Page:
Love, who will rebuild his house across from Brewster's lot, notices that many residents in the Pratt City neighborhood don't want to talk about what happened.
"It's in their minds but they don't know what to do or say right now," said Love, the vice president of the Pratt City neighborhood association.
Some people are reluctant to talk about their problems in coping because they see a stigma to mental illness or even because they feel guilty.
Mental health officials say some are ashamed to grieve the loss of material things when others lost loved ones. Some have voiced such sentiments in calls to the Project Rebound call center.
"They'll say, 'I can't believe I feel this way. I should be grateful,'" said Lisa Turley, the program's director.
Indeed, Kay Spanick is overwhelmingly thankful that she survived the tornado along with her husband and 86-year-old father, Nathaniel Cremer. But when Project Rebound counselors knocked on her door out of the blue earlier this month, they found her tearful and eager to talk.
Some of her grief, admittedly, is about "just things." Then again, many of the belongings she lost -- such as family photos, Christmas ornaments and her grandmother's cooking gadgets -- can't be replaced.
Her sense of loss goes far beyond that, though. Because neither the Spanicks nor many of their neighbors are rebuilding, she lost a community she adored. And as the family was uprooted and making its way through temporary living arrangements before buying a new home, her father's health declined. He suffered a stroke in early June.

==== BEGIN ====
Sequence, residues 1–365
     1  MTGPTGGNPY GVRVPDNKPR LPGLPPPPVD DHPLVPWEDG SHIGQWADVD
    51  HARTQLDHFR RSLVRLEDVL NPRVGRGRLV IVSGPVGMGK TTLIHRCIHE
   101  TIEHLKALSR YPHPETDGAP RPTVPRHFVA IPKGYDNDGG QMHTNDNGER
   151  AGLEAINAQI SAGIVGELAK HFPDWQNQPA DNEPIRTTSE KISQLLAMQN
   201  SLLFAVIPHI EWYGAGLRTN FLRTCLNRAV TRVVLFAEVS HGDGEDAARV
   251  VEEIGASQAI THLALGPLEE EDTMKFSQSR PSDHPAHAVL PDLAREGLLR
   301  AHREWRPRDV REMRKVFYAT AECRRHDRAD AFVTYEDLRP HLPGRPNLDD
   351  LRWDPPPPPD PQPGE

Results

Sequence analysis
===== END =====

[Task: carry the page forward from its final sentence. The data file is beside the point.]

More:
"I want my daddy back the way he was," she said.
Talking about it helps, but Spanick said she sometimes feels she shouldn't continue to burden those closest to her. "I know our friends are tired of hearing about it, and our family is, too," she said. "I'm tired of it."
Helen Jackson, 74, of Shoal Creek Valley, puts her faith in God to help in healing, but also believes in counseling. She is a retired pastor's wife and active volunteer in the small St. Clair County community, which lost 15 people to the tornadoes. "Some don't want to talk about it," said Jackson. "But I'm a firm believer that you should talk about it."
Counseling helped her get through several tragedies, including the death of her grandson, A.J. Jackson, one of nine people killed when a tornado hit Enterprise High School in 2007.
She advises victims to make something positive out of a disaster by volunteering to help other victims. "One of the best ways of overcoming devastation in your life, you give yourself away to help others," Jackson said.
Vance, the president of the Alabama Psychological Association, said one therapist working in a chronic pain clinic noticed positive therapeutic results for patients who became active in tornado relief efforts.
For Hurd, time has been the best healer, along with strong support from family and church, and she's finding positive ways to look at the world. She's starting to realize that her community as a whole is suffering and not just her.
She and her sister, Stephanie Anderson, now talk to each more often, rather than keeping up with each other's lives through their mother.
"We re-linked the chain, I guess, without the other person in it. It's the little things, the simple things" that they now appreciate even more.
It's from the little things, though, that grief can erupt. Little things such as a fistful of daffodils.
Driving recently near her former homeplace, Kay Spanick remembered a patch of daffodils the family discovered soon after they moved in -- a plentiful patch that grew every January, brightening the winter landscape. She remembered her young son bringing her a fistful of them 25 years ago, and she was struck by what she had lost because of the move.
"It just hit me right in the head: I wasn't going to have my daffodils," she said.
She wept so hard she had to pull over.
Experts say tears are part of healing process, and so does Polly Hilton, a 94-year-old tornado victim from McDonald Chapel. "You take your time to cry," she said. "That's the reason God gave us tears, to cleanse us up."